Illinois officials admit failure in investigating nursing home complaints during COVID-19

(The Center Square) – Officials tasked with investigating complaints at hundreds of long-term care facilities in Illinois regulated by the state failed to follow state law. Outside oversight is now being brought in to review, according to the Illinois Department of Public Health.

IDPH said federal guidance during the pandemic scaled back regulatory oversight of long-term care facilities to reduce the number of people going in and out of facilities with congregate settings.

“Regardless … Illinois law … requires abuse and neglect complaints to be reviewed within certain timeframes,” the department said. State law “was not suspended and IDPH personnel did not complete reviews of allegations of abuse and neglect in a timely manner between approximately March 15 and June 30.”

Gov. J.B. Pritzker last month replaced two state officials who oversaw Illinois’ COVID-19 response in nursing homes. The Illinois Department of Public Health said the deputy director of the Office of Health Care Regulation left state employment on July 20, the same day the chief of the Bureau of Long-Term Care was put on leave. Pritzker didn’t elaborate why the officials were relieved of their duty, only to say more information would be forthcoming, but it was not made clear if the two employees were disciplined for the failed oversight.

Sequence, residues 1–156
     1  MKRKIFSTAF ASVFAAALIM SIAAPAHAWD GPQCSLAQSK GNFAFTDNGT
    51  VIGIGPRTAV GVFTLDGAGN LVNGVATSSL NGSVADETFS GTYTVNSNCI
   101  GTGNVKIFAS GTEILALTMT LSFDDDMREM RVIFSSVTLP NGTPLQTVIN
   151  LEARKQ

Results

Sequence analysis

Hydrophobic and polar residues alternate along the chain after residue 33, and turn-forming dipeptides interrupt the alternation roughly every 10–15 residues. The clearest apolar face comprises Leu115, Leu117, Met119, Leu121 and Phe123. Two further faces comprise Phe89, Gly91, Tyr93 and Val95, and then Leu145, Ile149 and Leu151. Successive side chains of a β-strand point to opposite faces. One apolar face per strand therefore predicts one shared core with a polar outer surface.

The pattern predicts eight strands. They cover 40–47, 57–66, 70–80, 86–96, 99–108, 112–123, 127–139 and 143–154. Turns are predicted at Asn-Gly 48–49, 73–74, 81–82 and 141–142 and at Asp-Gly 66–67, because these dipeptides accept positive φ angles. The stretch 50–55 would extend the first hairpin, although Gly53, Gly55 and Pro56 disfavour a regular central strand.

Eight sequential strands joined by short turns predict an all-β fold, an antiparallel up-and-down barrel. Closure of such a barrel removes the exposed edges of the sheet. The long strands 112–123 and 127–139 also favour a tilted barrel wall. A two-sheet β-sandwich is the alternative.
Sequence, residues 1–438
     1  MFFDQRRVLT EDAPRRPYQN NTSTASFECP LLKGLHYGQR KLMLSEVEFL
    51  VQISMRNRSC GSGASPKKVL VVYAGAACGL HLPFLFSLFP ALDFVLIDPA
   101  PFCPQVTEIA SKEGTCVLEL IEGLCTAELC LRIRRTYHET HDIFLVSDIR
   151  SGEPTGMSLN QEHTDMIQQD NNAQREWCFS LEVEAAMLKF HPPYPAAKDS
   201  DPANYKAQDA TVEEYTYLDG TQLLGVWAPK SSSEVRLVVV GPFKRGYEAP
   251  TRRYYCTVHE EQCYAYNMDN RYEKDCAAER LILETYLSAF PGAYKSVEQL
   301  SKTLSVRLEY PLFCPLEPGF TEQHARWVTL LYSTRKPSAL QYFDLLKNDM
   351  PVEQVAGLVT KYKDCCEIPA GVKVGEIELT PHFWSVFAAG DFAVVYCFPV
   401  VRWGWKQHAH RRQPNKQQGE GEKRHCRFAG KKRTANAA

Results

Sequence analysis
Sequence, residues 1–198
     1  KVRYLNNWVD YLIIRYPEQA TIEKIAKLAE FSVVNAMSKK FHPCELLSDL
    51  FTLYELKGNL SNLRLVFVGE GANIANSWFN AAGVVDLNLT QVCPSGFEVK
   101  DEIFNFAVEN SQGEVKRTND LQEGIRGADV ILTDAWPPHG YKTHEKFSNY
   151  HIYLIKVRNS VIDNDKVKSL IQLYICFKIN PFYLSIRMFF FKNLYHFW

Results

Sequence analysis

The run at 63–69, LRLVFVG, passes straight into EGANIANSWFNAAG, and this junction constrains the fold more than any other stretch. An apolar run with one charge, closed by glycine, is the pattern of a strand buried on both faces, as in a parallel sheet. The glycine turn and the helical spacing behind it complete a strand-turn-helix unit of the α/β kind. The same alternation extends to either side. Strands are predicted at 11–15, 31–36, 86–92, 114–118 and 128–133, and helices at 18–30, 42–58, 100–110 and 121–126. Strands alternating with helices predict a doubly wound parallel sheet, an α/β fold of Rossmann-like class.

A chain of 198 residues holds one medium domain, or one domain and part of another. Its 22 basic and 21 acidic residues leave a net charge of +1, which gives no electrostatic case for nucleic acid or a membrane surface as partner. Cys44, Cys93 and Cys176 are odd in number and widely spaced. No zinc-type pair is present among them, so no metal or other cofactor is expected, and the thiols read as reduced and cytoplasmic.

“IDPH took immediate action to ensure all of the complaints received during this time period have been investigated,” the department said. “IDPH also took appropriate personnel action.”

IDPH announced it hired Manatt Health Strategies, LLC, to conduct a top to bottom, independent review of its Bureau of Long-Term Care in the Office of Health Care Regulation. It also hired former U.S. Attorney for the Southern District of Illinois, A. Courtney Cox, to review specific long-term care investigations conducted by IDPH during the pandemic.

Of 272 allegations of abuse and neglect that were received from March 15 through June 30, 17 were substantiated and Cox will review those complaints to determine if any future regulatory or legal steps are warranted.

The department didn’t immediately respond to questions about how much the contracts for Manatt and Cox will cost taxpayers.

“Our top priority as a regulator of long-term care facilities in Illinois is ensuring vulnerable Illinoisans are kept safe by those responsible for their care,” IDPH Director Dr. Ngozi Ezike said. “Anything short of that is unacceptable, and our entire department is committed to getting this right as we move forward.”

Of the 7,857 deaths public health officials say are COVID-19 related, more than half, or 4,319, were associated with a long-term care facility.

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